Issue Date: August 23, 2004
FINDING THE PEOPLE TO MAKE INDUSTRY WORK
It seems obvious: having a highly skilled workforce is crucial to the success of the chemistry-using industries. But how to ensure a continuing supply of skilled workers is not so obvious. That is why the Skills Network Group of the U.K.'s Chemistry Leadership Council (CLC) tackled the subject in its new report, "Skills for the 21st Century Chemicals Industry." And although the report is written for the U.K., it addresses concerns felt throughout the European chemical industry.
According to Gareth James, who chairs the skills network, the group's work does not stop with the publication of the report. The report, he notes, "has laid out the industry's agenda more clearly--now it needs to be carried forward" by the country's "chemistry-using industries." The group, he adds, uses that phrase in an effort to create a much wider understanding of the chemical industry's key role in supplying many other industries. "We have to get the linkage through," he says.
The report carries a set of recommendations to two groups that are essential for a sustainable future, James says. One is the industry itself, which, he points out, must become more effective in speaking with a coherent, single voice in setting out future needs. The other group is Cogent, the employer-led skills council set up by the government to act for chemicals, polymers, oil and gas, and nuclear industries.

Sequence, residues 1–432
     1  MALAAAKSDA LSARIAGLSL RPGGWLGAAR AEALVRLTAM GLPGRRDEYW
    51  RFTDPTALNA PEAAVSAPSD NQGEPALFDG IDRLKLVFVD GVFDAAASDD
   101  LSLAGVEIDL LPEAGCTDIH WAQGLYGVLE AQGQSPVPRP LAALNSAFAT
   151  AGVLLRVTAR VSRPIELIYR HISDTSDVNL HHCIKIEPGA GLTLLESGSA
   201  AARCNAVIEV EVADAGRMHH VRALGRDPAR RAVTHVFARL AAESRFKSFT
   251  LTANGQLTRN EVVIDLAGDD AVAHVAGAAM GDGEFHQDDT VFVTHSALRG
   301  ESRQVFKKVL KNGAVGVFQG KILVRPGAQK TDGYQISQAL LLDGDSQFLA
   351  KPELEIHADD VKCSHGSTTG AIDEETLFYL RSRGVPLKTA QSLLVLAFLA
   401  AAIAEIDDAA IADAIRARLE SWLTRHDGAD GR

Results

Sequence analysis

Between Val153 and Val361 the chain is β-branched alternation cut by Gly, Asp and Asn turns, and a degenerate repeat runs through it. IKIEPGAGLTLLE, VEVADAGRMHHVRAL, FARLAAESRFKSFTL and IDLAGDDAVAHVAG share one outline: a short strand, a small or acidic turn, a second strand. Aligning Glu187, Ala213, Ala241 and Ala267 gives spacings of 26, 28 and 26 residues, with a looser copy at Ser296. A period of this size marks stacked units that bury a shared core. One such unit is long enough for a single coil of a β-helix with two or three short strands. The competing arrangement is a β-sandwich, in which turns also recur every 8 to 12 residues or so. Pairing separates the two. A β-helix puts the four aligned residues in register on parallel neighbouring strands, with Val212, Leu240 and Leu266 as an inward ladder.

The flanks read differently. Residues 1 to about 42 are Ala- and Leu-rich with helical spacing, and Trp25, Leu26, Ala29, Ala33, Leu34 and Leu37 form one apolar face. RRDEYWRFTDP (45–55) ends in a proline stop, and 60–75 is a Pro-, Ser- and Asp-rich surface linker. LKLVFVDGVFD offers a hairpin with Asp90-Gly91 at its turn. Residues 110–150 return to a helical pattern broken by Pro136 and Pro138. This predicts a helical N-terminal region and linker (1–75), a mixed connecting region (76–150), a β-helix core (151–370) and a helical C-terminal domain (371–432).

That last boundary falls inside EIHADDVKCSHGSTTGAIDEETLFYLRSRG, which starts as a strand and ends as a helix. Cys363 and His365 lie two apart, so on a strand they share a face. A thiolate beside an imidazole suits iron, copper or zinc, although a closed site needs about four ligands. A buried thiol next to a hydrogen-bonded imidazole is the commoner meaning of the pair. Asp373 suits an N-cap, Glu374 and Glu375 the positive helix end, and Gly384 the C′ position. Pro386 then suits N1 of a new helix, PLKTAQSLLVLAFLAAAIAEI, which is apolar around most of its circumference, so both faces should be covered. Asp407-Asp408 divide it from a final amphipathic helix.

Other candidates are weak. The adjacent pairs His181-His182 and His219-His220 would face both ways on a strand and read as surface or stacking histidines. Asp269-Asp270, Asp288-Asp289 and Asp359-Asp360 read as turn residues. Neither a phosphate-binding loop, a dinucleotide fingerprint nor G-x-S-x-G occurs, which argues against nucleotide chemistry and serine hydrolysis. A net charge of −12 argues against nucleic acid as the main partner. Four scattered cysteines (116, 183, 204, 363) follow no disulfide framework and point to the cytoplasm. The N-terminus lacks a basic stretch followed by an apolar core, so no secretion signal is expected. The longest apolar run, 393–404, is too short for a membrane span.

The report points out that "the chemicals industry has significant skills gaps at both plant operator and [college] graduate levels. It is likely that in 10 years' time it will need fewer but more highly skilled and technology-literate employees who will be expected to operate more flexibly and across existing skills boundaries. But at present, the industry has too few people trained and working to a minimum standard." Improving the skills of the chemical industry workforce--"upskilling" as the report calls it--is "a major challenge for the industry."
Moreover, the report notes, there is a sharp decline in the number of students studying chemistry and the chemical sciences. "For an industry that relies on innovation to deliver added value, this is of real concern," the report says, adding that the decline in students is directly affecting university chemistry courses.
Even in top-tier universities, concern is developing, says Graham Richards, chairman of the department of chemistry at Oxford University. Oxford has maintained its yearly student enrollment, he says, "but the ratio of applicants to places is about 1.5 to 1," lower than it used to be. "If we look at the best people studying chemistry, they all want to read medicine now," he notes.